My Covid Experience


Following the prostate surgery I got great nursing care in the hospital. Two days after the surgery (the day after I went home) the hospital called me to advise that I may have been exposed to Covid while in the hospital and they asked me to come back in for another Covid test. I went in for another test and the infectious disease officer called to tell me I was Covid positive. Six days earlier I was negative. That caused an interruption in my physical therapy for the hip operation. I still had a few weeks to go with the hip and my therapist knew I was considering a knee replacement as well. He did mention that he didn’t realize that I would be applying for lifetime membership at the physical therapy practice.

The hospital quickly offered an infusion of a monoclonal antibody, an experimental drug that had been just approved by the FDA for emergency use. It was supposed to lessen the effects of the active virus and reduce the long term effects. I opted for the infusion that takes a little over 3 hours, one hour for preparation, one hour for the infusion and 1 hour to monitor me for unwanted side effects. I had a mild case of Covid with a slight fever for two days and a mild cough for 7 or eight more days. Because I was at home, I wore a mask all the time from the onset of symptoms and my wife never caught it, partly because I continued to sleep in my recliner.  After Covid I developed a fairly significant balance issue while still taking physical therapy for the hip operation. By chance, the therapist I was working with had done his thesis on balance issues and was a bit of an expert. He included a lot of balance exercises in our routine. A week later I was supposed to report to the urologist to finally have the catheter removed. Nope, since I was now Covid positive I could not go into the office. And since I had been infused with a monoclonal antibody, I would probably register as positive for Covid for 90-180 days or more, so I could not get a negative test result.

Fortunately, my doctor had discussed the possibility of me removing the catheter myself so I would not have to go into the office, have it removed and return in the afternoon for the bladder scan. I could remove it at home in the evening, drink lots of fluids and report to the urologist’s office the next day for a bladder scan. Like most guys I was thinking “no f’ing way I’m going to do that”. The nurse at the hospital showed me how to remove the catheter, reviewed the cautions and gave me the tool to accomplish the task. But no, uh-uh, no way was I going to even attempt it. THAT was their job.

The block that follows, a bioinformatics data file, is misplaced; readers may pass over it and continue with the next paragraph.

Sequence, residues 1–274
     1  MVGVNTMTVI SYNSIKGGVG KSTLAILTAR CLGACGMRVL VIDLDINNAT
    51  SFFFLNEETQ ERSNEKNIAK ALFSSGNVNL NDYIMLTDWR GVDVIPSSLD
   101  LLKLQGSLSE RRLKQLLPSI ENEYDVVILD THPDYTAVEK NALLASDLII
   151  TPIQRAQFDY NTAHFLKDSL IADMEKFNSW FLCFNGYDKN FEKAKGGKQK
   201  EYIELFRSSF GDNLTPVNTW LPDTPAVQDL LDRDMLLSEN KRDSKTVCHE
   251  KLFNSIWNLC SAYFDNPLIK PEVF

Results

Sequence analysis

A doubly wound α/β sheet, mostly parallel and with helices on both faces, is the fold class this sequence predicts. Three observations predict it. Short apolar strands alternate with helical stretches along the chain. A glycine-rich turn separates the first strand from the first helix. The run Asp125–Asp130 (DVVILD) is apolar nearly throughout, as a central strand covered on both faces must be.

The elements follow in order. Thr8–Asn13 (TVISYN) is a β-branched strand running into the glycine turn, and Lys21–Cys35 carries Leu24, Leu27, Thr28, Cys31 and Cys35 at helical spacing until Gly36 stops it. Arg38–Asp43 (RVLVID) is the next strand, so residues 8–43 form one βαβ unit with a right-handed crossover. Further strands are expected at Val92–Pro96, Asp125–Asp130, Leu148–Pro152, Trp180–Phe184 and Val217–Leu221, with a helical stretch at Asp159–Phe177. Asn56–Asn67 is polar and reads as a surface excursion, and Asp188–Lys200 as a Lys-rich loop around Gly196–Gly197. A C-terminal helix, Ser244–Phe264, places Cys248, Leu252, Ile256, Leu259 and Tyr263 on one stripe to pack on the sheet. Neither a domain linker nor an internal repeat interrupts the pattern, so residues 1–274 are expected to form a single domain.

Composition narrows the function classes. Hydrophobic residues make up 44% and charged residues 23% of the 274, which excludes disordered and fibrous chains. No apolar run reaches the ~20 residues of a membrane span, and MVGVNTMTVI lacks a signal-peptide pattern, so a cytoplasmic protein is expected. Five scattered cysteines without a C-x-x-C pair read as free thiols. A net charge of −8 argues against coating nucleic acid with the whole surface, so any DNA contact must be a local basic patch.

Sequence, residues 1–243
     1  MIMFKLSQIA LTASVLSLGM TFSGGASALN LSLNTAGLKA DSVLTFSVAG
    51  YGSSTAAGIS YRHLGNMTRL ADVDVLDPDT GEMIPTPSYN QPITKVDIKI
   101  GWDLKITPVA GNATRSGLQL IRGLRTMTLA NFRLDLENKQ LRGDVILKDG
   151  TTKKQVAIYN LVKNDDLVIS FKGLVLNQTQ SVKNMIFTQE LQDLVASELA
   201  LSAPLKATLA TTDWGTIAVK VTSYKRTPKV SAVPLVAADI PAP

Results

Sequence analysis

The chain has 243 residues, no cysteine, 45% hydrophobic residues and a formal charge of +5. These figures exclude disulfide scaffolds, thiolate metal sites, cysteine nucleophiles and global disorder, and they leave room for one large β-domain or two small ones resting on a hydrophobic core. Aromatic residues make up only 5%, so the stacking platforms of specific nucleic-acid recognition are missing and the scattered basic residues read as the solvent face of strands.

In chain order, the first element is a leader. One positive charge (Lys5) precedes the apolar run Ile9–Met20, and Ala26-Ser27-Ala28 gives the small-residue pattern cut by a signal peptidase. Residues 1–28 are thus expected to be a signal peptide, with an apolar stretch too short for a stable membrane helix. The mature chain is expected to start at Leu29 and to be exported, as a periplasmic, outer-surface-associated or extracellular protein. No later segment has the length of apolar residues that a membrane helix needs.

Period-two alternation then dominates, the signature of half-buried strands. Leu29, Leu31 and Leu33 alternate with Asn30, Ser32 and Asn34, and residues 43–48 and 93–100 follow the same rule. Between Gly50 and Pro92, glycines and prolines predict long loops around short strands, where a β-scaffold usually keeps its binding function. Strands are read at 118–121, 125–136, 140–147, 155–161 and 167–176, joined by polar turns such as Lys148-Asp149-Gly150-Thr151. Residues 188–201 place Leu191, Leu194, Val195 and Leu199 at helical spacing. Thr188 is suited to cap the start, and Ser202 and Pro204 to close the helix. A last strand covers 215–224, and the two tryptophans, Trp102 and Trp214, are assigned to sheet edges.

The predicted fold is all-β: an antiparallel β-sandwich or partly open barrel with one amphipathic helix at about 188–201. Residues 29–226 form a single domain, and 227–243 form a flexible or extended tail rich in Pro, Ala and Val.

On a side note, I used to be an EMT (a LONG time ago) and my favorite advice was “if you have a weak stomach, never have lunch with a bunch of EMTs or nurses. They have the grossest stories and will talk about them anytime”. I was telling this story to a nurse friend of ours and she smiled and said anytime a similar procedure is discussed in a group with male doctors or nurses, they unconsciously cross their legs and squirm a bit. It seems this is a universal reaction among guys. Admit it, guys – you were just squirming, weren’t you?

Anyhow, I’d been on this catheter for too long. We knew each other well but it wasn’t my friend, and I was tired of it. I decided to remove the catheter myself. I think. Kinda. I waited until I had no symptoms for 10 days in case I had to return to the ER to be re-catheterized. I wanted to be sure to not expose the ER staff to the Covid virus. I knew there was no halfway measure. Once I began the process of removing it, it had to come out. There was no reinserting it on my part. What if I started to remove it and chickened out? At home, I spent an hour summoning enough courage and making sure I really wanted to be free of the contraption and then removed the catheter myself. Geez, it was no big deal. It felt a little weird, but there was no pain or even discomfort. I was free!! And I could pee!! And since I was more than 10 days after cessation of Covid symptoms, I could now return to physical therapy.

About a week later I was awake most of the night with chills and night sweats. I called my nurse practitioner at my hip surgeon’s office and he referred me for a test for an urinary tract infection. Yep, positive for a UTI, leading to a week on antibiotics.

The next post will cover the run-up for a knee replacement.

Published by barnberry

Well over aged 60 (well, OK, a lot more than that...) father of one outstanding young woman, unworthy husband of the most patient and talented woman in the world, retired small business owner, lover of all the wrong foods, political junkie and resident of NH. A conservative with a libertarian streak, and a thoughtful, impish, dedicated curmudgeon.

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